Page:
Today began with Maggie Haberman and Luke Broadwater at the New York Times reporting on previously undisclosed emails from the weeks before the January 6 insurrection, in which advisors openly referred to the slates of alternative electors they had prodded supporters to produce as "fake."
"We would just be sending in 'fake' electoral votes to Pence so that 'someone' in Congress can make an objection when they start counting votes, and start arguing that the 'fake' votes should be counted," Arizona lawyer Jack Wilenchik wrote on December 8, 2020, to Trump advisor Boris Epshteyn. Later, Wilenchik suggested that "'alternative' votes is probably a better term than 'fake' votes." He then added a smiley face.
Wilenchik also said he and Arizona Republican Party chair Kelli Ward had discussed keeping the plan quiet so that "we can can try to 'surprise' the Dems and media with it," and that Representative Andy Biggs (R-AZ) had asked him to testify at a Senate hearing put together by Senator Ron Johnson (R-WI).
The emails appear to show connections between Epshteyn and Trump lawyer Rudy Giuliani, as well as Epshteyn and John Eastman, the author of the memo calling for alternate slates of electors. Further, they show that Mike Roman, who was director of Election Day operations for Trump's campaign, organized ways to overturn the election. Epshteyn and Roman corresponded with Trump lawyers Jenna Ellis and Bruce Marks, deputy director of Election Day campaign operations Gary Michael Brown, and Christina Bobb then at One America News Network.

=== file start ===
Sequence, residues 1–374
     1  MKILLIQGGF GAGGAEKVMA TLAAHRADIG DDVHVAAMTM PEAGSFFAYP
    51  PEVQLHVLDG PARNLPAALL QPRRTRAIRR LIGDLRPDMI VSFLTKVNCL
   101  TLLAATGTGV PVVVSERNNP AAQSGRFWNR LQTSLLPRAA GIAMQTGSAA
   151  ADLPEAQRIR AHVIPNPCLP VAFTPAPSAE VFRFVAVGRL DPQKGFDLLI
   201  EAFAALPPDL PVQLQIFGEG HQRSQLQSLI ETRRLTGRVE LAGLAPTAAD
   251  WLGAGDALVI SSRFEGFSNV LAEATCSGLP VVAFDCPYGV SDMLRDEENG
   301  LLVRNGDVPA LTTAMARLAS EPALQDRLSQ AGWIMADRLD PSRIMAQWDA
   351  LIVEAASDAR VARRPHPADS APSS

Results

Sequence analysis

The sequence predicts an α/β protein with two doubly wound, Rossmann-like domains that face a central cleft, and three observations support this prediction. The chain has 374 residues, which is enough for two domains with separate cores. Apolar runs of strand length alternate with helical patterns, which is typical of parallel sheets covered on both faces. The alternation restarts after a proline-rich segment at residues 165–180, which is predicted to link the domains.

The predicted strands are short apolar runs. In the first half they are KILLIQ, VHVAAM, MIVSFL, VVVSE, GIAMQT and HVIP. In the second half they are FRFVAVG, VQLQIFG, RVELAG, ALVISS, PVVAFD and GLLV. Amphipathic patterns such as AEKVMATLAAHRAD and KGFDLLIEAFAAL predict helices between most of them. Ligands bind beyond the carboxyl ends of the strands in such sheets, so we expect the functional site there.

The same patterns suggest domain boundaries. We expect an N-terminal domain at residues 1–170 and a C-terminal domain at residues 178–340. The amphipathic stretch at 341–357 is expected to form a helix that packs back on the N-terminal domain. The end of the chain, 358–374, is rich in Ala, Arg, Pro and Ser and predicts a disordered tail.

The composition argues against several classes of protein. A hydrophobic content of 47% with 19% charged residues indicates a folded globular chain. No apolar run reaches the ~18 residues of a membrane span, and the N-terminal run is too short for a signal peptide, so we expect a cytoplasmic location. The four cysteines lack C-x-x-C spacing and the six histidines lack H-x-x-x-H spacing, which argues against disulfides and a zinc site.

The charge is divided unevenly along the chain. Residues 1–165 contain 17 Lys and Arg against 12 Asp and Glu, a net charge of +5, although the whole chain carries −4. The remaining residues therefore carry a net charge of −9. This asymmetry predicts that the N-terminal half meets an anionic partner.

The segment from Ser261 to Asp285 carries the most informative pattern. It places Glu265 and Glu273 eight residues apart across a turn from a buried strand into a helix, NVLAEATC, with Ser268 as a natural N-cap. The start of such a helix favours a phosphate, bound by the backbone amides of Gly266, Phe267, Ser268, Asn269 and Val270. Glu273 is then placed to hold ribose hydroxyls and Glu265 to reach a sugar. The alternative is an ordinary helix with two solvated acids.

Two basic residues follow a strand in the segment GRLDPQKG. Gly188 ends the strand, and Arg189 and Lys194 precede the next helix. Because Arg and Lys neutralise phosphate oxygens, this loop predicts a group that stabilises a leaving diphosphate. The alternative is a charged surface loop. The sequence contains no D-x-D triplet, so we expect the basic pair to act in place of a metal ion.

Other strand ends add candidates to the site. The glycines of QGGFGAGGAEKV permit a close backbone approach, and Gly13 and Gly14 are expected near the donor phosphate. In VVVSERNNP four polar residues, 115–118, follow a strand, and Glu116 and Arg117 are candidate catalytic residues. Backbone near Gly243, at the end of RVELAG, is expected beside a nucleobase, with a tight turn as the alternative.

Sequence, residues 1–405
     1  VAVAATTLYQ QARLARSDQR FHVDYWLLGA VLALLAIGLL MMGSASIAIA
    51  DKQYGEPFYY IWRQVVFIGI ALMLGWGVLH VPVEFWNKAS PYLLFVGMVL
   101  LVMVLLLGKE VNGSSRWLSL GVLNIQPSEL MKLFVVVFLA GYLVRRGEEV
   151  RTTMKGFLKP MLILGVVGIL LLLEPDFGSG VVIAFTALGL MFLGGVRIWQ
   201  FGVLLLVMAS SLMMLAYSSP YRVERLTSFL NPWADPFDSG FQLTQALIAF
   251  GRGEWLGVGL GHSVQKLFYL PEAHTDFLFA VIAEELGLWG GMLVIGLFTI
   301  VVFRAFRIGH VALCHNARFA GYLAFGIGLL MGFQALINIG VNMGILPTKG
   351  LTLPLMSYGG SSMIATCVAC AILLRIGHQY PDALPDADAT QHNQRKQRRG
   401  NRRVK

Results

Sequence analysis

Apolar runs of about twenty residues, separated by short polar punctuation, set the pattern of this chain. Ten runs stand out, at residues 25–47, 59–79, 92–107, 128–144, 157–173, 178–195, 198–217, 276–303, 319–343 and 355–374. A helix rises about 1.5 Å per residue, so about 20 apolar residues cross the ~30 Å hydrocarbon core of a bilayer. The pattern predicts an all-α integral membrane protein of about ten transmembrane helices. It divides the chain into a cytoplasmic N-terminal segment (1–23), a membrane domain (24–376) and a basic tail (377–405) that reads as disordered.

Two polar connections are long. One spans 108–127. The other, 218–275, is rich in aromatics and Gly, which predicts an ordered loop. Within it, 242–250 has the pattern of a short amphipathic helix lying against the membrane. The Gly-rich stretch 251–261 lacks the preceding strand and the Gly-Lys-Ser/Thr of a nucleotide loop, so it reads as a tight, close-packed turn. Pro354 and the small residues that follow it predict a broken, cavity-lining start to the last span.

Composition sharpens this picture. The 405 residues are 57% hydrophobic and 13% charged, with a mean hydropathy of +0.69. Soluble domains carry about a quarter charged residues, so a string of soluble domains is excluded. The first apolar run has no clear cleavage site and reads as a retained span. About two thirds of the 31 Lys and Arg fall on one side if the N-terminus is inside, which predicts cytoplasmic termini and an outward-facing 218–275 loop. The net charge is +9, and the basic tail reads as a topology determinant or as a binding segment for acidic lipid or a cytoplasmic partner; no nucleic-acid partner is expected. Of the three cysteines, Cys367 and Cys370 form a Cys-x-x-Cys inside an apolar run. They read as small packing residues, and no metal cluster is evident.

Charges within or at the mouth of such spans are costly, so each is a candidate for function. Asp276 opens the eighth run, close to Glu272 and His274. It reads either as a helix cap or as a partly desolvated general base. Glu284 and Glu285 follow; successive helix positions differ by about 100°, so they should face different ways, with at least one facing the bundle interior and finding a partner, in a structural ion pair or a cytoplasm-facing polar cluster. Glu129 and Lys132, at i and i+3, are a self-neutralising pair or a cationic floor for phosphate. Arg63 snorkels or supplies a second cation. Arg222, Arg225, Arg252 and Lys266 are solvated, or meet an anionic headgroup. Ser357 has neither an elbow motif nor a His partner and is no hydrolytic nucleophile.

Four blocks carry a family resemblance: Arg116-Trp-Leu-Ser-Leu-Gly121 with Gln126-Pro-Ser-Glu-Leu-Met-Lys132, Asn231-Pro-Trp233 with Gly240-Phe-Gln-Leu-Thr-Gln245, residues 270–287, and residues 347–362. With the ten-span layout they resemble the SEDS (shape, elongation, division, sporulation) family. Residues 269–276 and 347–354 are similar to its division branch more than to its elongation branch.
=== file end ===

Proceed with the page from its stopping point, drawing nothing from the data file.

In an echo of the shadow operation Guiliani ran to pressure Ukraine president Volodymyr Zelensky to smear Hunter Biden, those trying to overturn the election did not share their conversations with the White House legal counsel's office, whose lawyers had made it clear there was no evidence for any of their accusations of a stolen election. Haberman and Broadwater remind readers that the House Select Committee to Investigate the January 6th Attack on the U.S. Capitol has established that Trump knew about the plan to create fake electors. So, too, did Republican National Committee chair Ronna McDaniel. In Pennsylvania, the point person to organize fake electors was Doug Mastriano, who is now the Republican nominee for governor.
On Twitter, lawyer George Conway wrote: "If you had asked me to hypothesize, for illustrative purposes, a set of emails that prosecutors would find helpful in proving a fake-elector fraud conspiracy, I would not have come up with anything nearly as incriminating as the emails that the Times just reported on today."
Then the January 6th committee released footage from their interview with former acting defense secretary and Trump loyalist Christopher MIller, who took office on November 9, 2020, after Trump fired Defense Secretary Mark Esper. In the clip, Miller contradicted a statement Trump's chief of staff Mark Meadows made on the Fox News Channel in February 2021. Meadows claimed that Trump had ordered 10,000 troops to be ready on January 6. Miller said he had received no such order.